Loreto explained that 16 leaves are usually allowed to ripen per plant. The five highest leaves commanded the highest price of P102 per kilo last year. The next 7 or 8 leaves below commanded 188 per kilo while the remaining lowest leaves fetched P45 to P50 per kilo. Loreto said he can gross at least P200,000 from a hectare of ULP-2.
Loreto does not only make money from planting ULP-2 in his own farm. He
is an accredited producer of seedlings of ULP-2 and Burley tobacco by the United Leaf Philippines, Inc., a big company that supplies the planting materials to growers not only in the Ilocos but also in Tarlac, Pangasinan and Isabela. The company buys all the harvest of the cooperating farmers.
As a seedling producer, Loreto is paid 35 centavos per seedling produced for ULPI. Last planting season, he was able to produce 324,000 seedlings for the company worth P113,000. He estimates that he had only a cash outlay of P35,000 to produce that number of seedlings. Besides Loreto, there are three other accredited seedling producers in Pangasinan who are also making a good income.
BEN’S OTHER MONEY MAKERS
Ben Mensias is an enterprising farmer who does not only depend on tobacco for his income. Since tobacco is grown only in the dry months, he also grows some other high-value crops the rest of the year. One of his money makers last season was Bt corn, a genetically modified variety which does not have to be sprayed with insecticide against corn earworm. Last February, he was able to harvest 4.2 tons from less than one hectare. Because the price of corn in Pangasinan at that time was P26 per kilo, he was able to sell his first 20 cavans of 50 kilos each at P1,200 per cavan. The rest of his harvest, however, was sold at P13.50 per kilo, which Ben considers as still a good price.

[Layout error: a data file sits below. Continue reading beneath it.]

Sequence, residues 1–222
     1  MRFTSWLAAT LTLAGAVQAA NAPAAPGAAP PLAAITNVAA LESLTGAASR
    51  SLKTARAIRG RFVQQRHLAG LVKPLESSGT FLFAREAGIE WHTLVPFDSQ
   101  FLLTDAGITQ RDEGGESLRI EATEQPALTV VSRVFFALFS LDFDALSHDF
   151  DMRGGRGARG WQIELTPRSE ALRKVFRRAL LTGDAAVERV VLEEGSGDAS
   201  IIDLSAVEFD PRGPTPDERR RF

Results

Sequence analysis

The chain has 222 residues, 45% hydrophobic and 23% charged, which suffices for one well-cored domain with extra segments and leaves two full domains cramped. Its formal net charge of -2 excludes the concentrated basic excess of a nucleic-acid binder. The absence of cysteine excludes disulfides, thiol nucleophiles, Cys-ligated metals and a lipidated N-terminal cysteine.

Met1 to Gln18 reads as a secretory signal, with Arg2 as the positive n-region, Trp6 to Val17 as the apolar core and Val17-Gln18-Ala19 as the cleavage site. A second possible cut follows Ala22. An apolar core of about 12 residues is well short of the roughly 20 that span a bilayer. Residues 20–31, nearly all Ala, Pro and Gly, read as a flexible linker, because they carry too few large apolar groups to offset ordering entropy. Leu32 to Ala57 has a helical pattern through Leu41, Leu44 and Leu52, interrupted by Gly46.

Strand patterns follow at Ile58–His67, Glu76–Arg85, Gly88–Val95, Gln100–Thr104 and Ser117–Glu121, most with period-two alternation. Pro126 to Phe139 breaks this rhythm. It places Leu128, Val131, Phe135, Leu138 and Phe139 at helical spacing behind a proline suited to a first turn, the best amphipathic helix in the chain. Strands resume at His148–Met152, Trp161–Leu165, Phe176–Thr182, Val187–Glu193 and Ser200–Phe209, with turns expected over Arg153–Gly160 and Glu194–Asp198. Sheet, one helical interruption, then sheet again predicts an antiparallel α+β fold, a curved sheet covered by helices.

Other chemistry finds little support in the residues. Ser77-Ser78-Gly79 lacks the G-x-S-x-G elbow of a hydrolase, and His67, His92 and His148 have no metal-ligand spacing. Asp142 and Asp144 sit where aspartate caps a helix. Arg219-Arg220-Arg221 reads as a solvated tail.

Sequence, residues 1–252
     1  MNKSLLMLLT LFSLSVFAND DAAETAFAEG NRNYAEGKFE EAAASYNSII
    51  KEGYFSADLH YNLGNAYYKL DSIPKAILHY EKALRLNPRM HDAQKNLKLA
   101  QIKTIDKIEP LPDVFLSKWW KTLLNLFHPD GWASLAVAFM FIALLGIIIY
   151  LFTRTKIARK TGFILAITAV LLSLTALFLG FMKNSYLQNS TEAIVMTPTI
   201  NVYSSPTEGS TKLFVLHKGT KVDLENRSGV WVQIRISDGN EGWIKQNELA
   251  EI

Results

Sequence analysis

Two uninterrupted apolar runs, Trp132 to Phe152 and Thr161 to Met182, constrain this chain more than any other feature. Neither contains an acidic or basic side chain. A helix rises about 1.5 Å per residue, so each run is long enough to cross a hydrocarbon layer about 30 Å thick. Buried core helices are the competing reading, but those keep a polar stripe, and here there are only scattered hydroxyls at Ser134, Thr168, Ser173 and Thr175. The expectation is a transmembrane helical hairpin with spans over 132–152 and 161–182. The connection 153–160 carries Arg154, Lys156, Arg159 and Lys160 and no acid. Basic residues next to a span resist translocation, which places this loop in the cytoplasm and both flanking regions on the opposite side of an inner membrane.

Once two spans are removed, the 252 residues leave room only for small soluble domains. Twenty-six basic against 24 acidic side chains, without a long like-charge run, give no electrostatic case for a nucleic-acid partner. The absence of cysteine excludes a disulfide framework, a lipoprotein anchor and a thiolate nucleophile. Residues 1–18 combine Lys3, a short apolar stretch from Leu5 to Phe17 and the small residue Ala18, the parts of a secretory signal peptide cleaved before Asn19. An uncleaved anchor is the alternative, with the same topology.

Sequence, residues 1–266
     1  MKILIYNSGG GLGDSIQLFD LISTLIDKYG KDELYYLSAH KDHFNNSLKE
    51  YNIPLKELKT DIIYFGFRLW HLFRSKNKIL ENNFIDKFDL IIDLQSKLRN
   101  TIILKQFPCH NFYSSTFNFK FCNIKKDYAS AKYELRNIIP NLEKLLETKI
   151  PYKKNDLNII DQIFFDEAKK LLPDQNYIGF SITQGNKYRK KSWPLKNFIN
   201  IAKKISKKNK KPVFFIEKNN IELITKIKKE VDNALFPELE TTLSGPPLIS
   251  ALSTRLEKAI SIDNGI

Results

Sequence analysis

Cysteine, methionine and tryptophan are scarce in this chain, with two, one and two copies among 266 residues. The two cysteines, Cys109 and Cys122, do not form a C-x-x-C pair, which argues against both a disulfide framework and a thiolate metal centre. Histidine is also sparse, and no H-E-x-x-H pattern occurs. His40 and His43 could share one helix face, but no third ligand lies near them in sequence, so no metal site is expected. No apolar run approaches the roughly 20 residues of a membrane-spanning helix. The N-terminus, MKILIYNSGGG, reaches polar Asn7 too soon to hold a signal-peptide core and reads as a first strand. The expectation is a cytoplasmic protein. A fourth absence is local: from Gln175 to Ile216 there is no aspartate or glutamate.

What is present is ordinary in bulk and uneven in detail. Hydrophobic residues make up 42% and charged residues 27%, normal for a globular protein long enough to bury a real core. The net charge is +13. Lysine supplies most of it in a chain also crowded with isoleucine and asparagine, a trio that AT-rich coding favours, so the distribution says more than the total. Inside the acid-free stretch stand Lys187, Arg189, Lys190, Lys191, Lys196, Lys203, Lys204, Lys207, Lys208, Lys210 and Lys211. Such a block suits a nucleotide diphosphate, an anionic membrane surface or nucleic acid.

Another money maker for Ben is hybrid tomato, particularly the high-yielding Diamante from East-West Seed Company. He confessed, however, that his first crop was a disaster. It happened that he planted his first tomato crop in December 2007 when his neighbors were also planting theirs. When he harvested his tomato fruits the following February, the price per kilo had gone down to P4 per kilo. That was a losing proposition.
The next year, he was wise enough not to plant when the other farmers were planting the same. In July 2008, Ben planted 1,500 hills of Diamante tomato and by the end of August he started harvesting the fruits. To improve fruit set, he sprayed his plants with Nevirol, a plant growth regulator that increases fruit set not only in tomatoes but also other vegetables and fruit trees. Nevirol is a powder made in Hungary that is sprayed on the plants that are in flower.
With the help of Nevirol, he was able to make a good harvest. Because there were no other tomato growers at that time, Ben was able to sell most of his tomatoes at P40 per kilo. The lowest price he got was P20 per kilo. Even this lowest price was five times the price he got when he planted his tomatoes in December.
Timing is a crucial key to success of many farmers, including Ben Mencias. Growing other high-value crops besides tobacco is another.